On April 8, 2008, Google released the first beta of Google App Engine. Now, Google has started notifying administrators working with its Google App Engine (GAE) cloud platform that it will be removing the “preview” tag from the product in the second half of September.
For those new, “GAE is Google’s platform-as-a-service (PaaS) offering that competes head-to-head with Windows Azure. GAE allows developers to create and host applications using infrastructure in Google’s own datacenters.”
From App Engine team’s e-mail:
- For all paid applications using the High Replication Datastore (HRD), we will be introducing a new 99.95% uptime SLA. The current draft form of the SLA can be found at http://code.google.com/appengine/sla.html. For apps not using HRD, we will also soon release a tool that will assist with the migration from Master/Slave (M/S) to HRD (you can sign up to be in the Trusted Tester for the tool here: http://goo.gl/3jrXu). We would like to emphasize that the SLA only applies to applications that have both signed up to be a paid App and use the HRD Datastore.
- App Engine has a 3 year deprecation policy. This policy applies to the entire App Engine platform with the exception of “trusted tester” and “experimental” APIs. This is intended to allow you to develop your app with confidence knowing that you will have sufficient notice if we plan to make any backward-incompatible API changes that will impact your application.
- We will be updating the Terms of Service with language more geared towards businesses. A draft of the new ToS can be found at http://code.google.com/appengine/updated_terms.html.
- We are introducing new Premier Accounts that will have access to Operational Support, invoice-based billing, and allow companies to create as many applications as they need for $500 per account per month (plus usage fees). If you are interested in a Premier Account, please contact us at firstname.lastname@example.org.
- If you sign up for billing or update your budget between now and October 31st we will give you a $50 credit.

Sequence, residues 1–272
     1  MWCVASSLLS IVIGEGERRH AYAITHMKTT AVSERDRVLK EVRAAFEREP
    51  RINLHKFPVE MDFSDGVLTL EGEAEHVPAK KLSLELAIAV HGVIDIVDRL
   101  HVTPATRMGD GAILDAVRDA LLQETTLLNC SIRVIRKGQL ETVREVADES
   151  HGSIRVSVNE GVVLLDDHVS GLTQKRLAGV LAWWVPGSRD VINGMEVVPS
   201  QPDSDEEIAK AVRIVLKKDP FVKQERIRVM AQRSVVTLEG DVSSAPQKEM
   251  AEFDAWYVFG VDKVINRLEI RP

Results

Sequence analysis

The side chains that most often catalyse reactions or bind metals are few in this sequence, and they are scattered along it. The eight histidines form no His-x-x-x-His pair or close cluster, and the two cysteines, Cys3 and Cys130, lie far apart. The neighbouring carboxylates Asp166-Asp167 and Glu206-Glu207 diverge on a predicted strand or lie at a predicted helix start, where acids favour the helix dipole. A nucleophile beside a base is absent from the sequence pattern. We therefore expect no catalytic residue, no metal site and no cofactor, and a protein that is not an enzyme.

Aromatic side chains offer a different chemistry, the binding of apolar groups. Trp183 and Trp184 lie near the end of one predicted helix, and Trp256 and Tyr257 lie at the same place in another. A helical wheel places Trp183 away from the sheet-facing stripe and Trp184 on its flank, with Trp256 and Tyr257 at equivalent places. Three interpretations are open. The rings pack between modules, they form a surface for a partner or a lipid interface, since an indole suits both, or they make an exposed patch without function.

- In order to help you understand your future costs we are now providing a side by side comparison of your old bill to what your new bill would be. You can find these in your Admin Console under “Billing history” by clicking on any of your “Usage Reports”. Please review this information. It’s important that you study this projected billing and begin any application tuning that you want to be in effect prior to the new bill taking effect.
- We have created an Optimization Article to help you determine how you could optimize your application to reduce your costs under the new model.
- We have created a Billing FAQ based on the questions many of our customers have had about the new pricing model.
- The new pricing model charges are based on the number of instances you have running. This is largely dictated by the App Engine Scheduler, but for Python we will not be supporting concurrent requests until Python 2.7 is live. Because of this, and to allow all developers to adjust to concurrent requests, we have reduced the price of all Frontend Instance Hours by 50% until November 20th.
- Finally, if you have any additional questions or concerns please contact us at email@example.com. (Thanks to @pradeepviswav for the mail)
We will be moving to a new pricing structure that ensures ongoing support of App Engine. Details of the new structure can be found at http://www.google.com/enterprise/cloud/appengine/pricing.html. This includes lowering the free quotas for all Apps. Almost all applications will be billed more under the new pricing. Once App Engine leaves preview this pricing will immediately go into effect, but we’ve done a few things to ease the transition: